The chairman of the Anglican Mission, the Rt. Rev. Charles H. Murphy, III announced yesterday that he and seven of his fellow Anglican Mission bishops, along with retired Bishop John Rodgers, have resigned from the Anglican Province of Rwanda due to a strong difference in opinion about the future structure and identity of the Anglican Mission. You can read the letter of resignation here.

Bishop Murphy had been seated as a Primatial vicar in the Rwandan House of Bishops on an equal footing with Rwanda's House of Bishops.

Read here


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A Statement from the Archbishop of Rwanda and the Primatial Vicar of the Anglican Mission in the Americas

November 15th, 2011 Jill Posted in Anglican Mission in the Americas Comments Off

From AMiA

We have recently been made aware that a number of unfounded rumors and false assertions regarding the relationship between the Anglican Mission and Rwanda have begun to swirl in various circles and on the Internet. We are releasing this statement together to urge you not to be misled or distracted by those who would sow destructive seeds of discord through innuendo and commentary, for we know that this is the work and design of the Enemy.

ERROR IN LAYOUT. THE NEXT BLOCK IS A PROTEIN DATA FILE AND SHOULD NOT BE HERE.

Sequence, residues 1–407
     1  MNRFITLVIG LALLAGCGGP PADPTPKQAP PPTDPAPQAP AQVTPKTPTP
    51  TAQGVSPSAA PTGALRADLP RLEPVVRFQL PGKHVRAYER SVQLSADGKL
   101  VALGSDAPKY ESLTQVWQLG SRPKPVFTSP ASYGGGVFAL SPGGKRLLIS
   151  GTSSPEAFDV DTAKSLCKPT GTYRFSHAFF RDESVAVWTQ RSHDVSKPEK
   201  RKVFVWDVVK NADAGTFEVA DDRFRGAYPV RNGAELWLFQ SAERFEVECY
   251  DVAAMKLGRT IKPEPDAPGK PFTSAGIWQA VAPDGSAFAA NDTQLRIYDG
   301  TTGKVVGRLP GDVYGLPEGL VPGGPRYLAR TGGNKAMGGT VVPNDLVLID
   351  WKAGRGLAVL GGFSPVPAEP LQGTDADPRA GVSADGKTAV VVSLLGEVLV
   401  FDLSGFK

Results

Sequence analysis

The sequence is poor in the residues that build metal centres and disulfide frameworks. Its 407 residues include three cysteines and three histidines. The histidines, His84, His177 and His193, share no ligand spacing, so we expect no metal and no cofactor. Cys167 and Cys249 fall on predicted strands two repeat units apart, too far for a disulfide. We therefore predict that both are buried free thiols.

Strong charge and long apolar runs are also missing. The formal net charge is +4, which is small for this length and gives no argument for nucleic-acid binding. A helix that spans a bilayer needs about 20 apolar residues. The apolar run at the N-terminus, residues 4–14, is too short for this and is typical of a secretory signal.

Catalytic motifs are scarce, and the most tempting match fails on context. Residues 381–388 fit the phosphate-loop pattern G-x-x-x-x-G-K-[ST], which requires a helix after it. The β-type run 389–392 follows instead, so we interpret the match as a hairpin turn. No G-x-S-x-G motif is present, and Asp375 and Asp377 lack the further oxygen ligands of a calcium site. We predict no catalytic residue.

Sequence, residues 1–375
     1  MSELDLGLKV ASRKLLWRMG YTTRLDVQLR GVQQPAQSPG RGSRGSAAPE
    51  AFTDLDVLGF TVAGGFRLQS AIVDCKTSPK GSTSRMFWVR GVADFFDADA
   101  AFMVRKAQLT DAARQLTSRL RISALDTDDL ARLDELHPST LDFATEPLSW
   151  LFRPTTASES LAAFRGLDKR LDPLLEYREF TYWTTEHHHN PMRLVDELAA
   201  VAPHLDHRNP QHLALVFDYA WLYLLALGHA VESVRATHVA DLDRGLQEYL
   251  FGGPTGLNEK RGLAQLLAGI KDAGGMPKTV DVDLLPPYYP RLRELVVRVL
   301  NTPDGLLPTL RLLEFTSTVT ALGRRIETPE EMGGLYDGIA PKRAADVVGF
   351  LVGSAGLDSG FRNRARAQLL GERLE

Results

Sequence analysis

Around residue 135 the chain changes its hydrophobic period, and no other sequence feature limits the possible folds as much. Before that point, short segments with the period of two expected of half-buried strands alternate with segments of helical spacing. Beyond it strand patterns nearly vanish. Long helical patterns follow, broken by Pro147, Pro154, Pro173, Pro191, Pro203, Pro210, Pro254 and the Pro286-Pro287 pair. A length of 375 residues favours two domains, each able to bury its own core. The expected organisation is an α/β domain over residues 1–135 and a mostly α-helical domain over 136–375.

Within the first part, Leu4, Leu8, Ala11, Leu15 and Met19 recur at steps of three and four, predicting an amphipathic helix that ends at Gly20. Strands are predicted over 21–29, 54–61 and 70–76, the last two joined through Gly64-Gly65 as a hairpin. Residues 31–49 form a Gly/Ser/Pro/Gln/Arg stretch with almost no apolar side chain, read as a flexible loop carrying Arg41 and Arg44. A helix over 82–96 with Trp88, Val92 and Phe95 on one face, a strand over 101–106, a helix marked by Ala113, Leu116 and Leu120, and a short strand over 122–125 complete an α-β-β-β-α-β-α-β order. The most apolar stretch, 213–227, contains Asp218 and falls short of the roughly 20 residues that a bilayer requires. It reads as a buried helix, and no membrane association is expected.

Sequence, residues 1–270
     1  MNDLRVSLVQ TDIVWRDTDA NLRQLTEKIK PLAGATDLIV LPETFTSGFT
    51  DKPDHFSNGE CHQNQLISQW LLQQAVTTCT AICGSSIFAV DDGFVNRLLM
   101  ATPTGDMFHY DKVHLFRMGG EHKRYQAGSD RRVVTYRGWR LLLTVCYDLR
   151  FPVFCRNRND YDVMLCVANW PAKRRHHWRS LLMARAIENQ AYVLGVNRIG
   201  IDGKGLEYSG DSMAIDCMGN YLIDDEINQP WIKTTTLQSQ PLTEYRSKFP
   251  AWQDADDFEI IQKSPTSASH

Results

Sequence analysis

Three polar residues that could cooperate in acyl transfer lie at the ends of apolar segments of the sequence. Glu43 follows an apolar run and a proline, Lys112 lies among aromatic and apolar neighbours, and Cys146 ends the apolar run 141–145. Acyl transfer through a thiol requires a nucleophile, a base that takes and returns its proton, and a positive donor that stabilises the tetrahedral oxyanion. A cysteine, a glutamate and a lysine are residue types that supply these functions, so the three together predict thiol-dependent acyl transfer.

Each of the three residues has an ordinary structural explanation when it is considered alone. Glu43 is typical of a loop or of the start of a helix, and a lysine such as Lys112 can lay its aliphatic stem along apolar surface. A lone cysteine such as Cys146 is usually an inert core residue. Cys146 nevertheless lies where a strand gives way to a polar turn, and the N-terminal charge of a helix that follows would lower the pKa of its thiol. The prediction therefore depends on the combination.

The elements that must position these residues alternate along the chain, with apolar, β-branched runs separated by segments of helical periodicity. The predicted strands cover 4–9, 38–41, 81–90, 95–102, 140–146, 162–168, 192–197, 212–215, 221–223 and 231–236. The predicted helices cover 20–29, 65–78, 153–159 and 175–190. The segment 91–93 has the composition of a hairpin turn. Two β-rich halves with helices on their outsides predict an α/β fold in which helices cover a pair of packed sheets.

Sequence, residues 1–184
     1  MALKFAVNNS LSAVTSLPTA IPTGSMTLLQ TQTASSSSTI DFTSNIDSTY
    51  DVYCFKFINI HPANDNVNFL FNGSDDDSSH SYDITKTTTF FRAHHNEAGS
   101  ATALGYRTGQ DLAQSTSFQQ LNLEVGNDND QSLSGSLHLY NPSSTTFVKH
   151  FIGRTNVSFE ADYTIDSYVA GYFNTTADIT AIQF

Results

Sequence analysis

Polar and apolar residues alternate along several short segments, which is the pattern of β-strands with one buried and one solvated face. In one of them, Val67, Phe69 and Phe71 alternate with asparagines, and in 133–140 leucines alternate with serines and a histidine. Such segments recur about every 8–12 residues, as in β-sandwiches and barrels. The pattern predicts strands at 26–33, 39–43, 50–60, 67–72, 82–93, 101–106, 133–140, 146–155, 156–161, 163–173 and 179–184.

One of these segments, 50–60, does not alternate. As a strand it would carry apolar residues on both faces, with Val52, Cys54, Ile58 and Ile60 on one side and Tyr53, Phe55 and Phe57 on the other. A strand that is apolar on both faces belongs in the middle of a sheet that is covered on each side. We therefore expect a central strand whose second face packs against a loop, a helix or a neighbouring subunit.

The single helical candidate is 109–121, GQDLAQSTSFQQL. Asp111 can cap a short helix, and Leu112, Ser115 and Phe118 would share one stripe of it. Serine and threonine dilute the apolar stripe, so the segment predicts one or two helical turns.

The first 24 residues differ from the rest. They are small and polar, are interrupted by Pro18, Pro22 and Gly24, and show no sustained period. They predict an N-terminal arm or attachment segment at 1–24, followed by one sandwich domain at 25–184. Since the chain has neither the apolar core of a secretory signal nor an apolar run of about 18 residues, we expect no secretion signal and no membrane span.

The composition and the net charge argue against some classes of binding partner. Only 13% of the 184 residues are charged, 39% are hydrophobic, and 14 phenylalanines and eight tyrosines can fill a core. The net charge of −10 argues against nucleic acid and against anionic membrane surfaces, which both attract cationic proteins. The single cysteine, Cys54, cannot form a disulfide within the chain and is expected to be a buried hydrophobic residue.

The work and the relationship between the AMiA and the Province of Rwanda remains solid and cherished, as we discuss and explore together the future shape of our life and our work in the mission from the Lord which we share on two continents. As always, we ask for your prayers and support as we continue to seek the best way forward together in growing the Lord’s Kingdom on both sides of the Atlantic.

The Most Rev. Onesphore Rwaje
Archbishop and Primate
Province of the Anglican Church of Rwanda

The Rt. Rev. Charles H. Murphy, III
Primatial Vicar and Chairman
The Anglican Mission in the Americas

Read also further clarification from Virtueonline

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A Statement from the Archbishop of Rwanda and the Primatial Vicar of the Anglican Mission in the Americas

November 5th, 2011 Jill Posted in Anglican Mission in the Americas, Global South Comments Off

We have recently been made aware that a number of unfounded rumors and false assertions regarding the relationship between the Anglican Mission and Rwanda have begun to swirl in various circles and on the Internet. We are releasing this statement together to urge you not to be misled or distracted by those who would sow destructive seeds of discord through innuendo and commentary, for we know that this is the work and design of the Enemy.